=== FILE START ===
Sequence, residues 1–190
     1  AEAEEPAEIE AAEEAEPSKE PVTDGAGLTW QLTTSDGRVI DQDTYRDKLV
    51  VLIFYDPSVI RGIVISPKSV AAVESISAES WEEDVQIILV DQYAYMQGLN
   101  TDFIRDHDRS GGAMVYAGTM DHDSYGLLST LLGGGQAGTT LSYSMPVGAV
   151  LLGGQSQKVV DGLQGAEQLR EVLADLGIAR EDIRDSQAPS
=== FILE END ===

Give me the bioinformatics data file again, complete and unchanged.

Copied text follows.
Sequence, residues 1–190
     1  AEAEEPAEIE AAEEAEPSKE PVTDGAGLTW QLTTSDGRVI DQDTYRDKLV
    51  VLIFYDPSVI RGIVISPKSV AAVESISAES WEEDVQIILV DQYAYMQGLN
   101  TDFIRDHDRS GGAMVYAGTM DHDSYGLLST LLGGGQAGTT LSYSMPVGAV
   151  LLGGQSQKVV DGLQGAEQLR EVLADLGIAR EDIRDSQAPS